But this book isn’t just filled with theological truth. It is also filled with rich practical instruction. When I was helping my sister and her husband plan their wedding, the goal was to plan their wedding to be as God-centered as possible. My goal as the officiant of their wedding was to honor God and honor them while exalting Christ as the center of their wedding. We used many specific practical instructions from A Christ-Centered Wedding in the process of planning their wedding.

The authors provide a plethora of creative and helpful ideas for every aspect of wedding prep from engagement all the way to the end of the reception. In each step of the wedding planning process, the ultimate question the authors ask and answer is, “How does this decision honor Christ and show him to be central to our wedding and marriage?”

I highly commend A Christ-Centered Wedding to any engaged couple in the wedding planning process. It’s also a helpful resource for pastors to use in a premarital counseling setting. Readers will leave with a higher view of marriage, the gospel, and the rightful place of Christ in a wedding–front and center.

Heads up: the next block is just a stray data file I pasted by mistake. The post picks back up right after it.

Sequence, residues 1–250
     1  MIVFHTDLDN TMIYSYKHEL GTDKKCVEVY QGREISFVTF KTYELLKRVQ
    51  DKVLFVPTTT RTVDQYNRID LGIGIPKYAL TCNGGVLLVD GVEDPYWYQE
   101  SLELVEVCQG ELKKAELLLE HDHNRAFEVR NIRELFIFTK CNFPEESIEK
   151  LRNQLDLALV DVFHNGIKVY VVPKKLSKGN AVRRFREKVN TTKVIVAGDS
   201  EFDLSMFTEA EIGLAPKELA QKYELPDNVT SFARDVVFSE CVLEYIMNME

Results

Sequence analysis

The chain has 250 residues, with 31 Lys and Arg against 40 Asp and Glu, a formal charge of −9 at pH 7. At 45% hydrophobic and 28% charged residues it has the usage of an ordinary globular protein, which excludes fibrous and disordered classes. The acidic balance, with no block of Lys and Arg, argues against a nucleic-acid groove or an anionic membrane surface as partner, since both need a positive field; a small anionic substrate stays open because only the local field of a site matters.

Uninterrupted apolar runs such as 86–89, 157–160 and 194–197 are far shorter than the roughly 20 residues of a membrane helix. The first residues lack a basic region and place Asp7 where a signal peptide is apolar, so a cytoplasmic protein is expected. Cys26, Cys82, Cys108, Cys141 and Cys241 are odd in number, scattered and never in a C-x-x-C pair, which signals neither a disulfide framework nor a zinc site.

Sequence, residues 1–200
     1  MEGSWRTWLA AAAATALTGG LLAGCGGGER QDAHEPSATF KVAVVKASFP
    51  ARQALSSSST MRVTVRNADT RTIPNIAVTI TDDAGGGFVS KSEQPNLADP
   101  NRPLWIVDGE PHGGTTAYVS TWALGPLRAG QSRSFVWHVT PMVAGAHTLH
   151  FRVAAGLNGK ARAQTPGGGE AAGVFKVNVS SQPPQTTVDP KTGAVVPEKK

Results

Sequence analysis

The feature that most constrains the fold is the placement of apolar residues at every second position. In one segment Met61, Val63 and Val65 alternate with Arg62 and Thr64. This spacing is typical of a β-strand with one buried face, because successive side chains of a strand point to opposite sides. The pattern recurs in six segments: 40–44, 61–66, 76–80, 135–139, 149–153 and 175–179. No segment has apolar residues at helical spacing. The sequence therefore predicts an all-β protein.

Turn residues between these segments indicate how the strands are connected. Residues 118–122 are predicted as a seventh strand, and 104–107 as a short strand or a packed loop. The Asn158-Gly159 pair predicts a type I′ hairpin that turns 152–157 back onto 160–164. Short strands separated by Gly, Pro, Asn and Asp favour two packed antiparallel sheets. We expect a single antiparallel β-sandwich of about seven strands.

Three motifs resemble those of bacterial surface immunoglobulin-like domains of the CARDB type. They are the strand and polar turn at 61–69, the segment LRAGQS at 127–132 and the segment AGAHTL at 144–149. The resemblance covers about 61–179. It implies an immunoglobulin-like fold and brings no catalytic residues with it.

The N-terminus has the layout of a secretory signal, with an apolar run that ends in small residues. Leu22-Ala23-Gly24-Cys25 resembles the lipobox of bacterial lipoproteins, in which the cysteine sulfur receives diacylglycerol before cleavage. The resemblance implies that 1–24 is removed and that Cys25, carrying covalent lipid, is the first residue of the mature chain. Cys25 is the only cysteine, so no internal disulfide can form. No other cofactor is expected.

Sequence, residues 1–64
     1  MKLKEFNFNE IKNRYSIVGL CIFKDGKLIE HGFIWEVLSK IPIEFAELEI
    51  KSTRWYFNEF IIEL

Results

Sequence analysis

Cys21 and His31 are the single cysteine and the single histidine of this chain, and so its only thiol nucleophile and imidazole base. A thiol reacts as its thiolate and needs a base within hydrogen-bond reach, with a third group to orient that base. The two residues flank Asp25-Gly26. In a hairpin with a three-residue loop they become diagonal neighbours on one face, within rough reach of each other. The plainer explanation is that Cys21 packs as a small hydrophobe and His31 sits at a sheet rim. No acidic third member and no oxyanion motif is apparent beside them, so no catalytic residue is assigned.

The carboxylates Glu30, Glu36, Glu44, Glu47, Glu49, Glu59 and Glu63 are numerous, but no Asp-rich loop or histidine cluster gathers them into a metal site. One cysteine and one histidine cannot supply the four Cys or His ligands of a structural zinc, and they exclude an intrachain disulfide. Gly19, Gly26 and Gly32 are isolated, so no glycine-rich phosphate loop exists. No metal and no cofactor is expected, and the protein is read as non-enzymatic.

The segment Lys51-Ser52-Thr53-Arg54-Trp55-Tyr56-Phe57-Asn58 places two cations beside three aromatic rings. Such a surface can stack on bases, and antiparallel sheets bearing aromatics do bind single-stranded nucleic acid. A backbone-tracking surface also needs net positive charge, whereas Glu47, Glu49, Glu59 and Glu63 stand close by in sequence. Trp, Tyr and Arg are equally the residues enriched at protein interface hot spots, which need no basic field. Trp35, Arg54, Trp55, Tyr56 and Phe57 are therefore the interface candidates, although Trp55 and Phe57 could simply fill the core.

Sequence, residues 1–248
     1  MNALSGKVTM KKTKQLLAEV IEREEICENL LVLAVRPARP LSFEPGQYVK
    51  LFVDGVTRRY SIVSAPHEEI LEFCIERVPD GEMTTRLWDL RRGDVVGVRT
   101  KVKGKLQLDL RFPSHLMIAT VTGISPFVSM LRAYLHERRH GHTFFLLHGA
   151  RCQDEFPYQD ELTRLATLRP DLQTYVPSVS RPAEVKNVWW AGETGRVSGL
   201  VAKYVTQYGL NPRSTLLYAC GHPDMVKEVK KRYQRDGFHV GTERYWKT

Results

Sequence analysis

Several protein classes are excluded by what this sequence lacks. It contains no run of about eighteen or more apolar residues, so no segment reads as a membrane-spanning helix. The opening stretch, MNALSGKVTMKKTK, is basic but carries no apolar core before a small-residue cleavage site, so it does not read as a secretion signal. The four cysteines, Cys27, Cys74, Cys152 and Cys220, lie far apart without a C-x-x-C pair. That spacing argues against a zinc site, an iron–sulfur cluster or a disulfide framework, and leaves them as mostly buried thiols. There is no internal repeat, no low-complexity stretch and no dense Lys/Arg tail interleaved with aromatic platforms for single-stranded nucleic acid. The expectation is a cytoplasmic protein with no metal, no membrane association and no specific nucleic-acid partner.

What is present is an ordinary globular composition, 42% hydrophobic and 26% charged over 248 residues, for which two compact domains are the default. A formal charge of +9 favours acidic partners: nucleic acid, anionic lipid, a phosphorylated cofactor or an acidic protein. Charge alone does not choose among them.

I received this book from B&H Books. The opinions I have expressed are my own, and I was not required to write a positive review. I am disclosing this in accordance with the Federal Trade Commission’s 16 CFR, Part 255

Mathew Gilbert (B.A. Boyce College) is Associate Pastor for Children and Preschool at The Church at Trace Crossing in Tupelo, MS. He is the author of Come to the Well: 50 Meditations to Fuel Your Joy in God (Westbow Press, 2016). He is an M.Div student at The Southern Baptist Theological Seminary. Mathew is married to his high school sweetheart, Erica. Mathew and Erica live in Tupelo with their son, Jude. You can follow him on Twitter @mat_gilbert.


Leave a Reply

Fill in your details below or click an icon to log in: Logo

You are commenting using your account. Log Out /  Change )

Google+ photo

You are commenting using your Google+ account. Log Out /  Change )

Twitter picture

You are commenting using your Twitter account. Log Out /  Change )

Facebook photo

You are commenting using your Facebook account. Log Out /  Change )

Connecting to %s